Since the mid-1960s, the works of West Lorne-based sculptor Ed Zelenak have garnered acclaim on regional, national, and international levels. Well-known during the London Regionalist period for his distinctive work in wood and fibreglass, he has continued as a tireless innovator across the ensuing decades.

Divining the Immeasurable is a retrospective look at Zelenak's practice, referencing early, monumental wood sculptures and explorations of fibreglass, which resulted in elegant, volumistic abstractions. After such investigations of form, space, and often, light, Zelenak reduced his scale while broadening his subject matter to universal proportions. Choosing materials deep-rooted in human technological history, such as lead, copper, and bronze, he produced objects that are as equally laden with cultural and spiritual heritage. Sculptures and wallworks dating from the 1970s through 2014 bear evocative forms -- vehicles, vessels, tools such as dowsing rods and ladders, and natural phenomena such as trees and celestial bodies -- represented in a deceptively simple, iconic fashion. Zelenak's motifs can be viewed as archetypes of modern existential feeling, ancient beliefs or messages, references to more recent folklore and myriad other forms of language or knowledge.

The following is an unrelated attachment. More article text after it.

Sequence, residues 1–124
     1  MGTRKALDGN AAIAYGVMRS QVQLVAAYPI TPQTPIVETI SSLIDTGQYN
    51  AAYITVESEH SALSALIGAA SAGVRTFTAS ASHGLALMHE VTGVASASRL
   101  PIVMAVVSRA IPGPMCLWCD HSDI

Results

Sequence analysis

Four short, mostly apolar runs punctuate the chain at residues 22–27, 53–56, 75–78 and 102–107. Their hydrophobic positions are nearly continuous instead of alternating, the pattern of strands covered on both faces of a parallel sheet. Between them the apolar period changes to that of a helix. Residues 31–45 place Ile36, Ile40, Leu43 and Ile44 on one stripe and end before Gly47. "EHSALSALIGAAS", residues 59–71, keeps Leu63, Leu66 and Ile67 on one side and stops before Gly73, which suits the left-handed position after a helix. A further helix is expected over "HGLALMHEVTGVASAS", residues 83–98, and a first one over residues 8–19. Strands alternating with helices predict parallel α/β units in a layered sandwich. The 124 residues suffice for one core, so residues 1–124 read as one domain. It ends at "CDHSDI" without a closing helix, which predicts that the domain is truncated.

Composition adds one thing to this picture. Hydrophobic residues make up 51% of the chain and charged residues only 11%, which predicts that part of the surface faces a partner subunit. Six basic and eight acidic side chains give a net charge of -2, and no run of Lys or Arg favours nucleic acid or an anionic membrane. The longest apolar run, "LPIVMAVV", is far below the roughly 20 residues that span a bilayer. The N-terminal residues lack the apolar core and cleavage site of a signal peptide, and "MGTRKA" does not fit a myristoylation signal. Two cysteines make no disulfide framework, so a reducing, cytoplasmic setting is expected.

A scholarly catalogue for release in June 2015 surveys his work, with emphasis on his recent work, theory and symbolism, and aspects of Zelenak's drawing practice.

This exhibition is generously supported by the Museum London Foundation through its Light on London Campaign.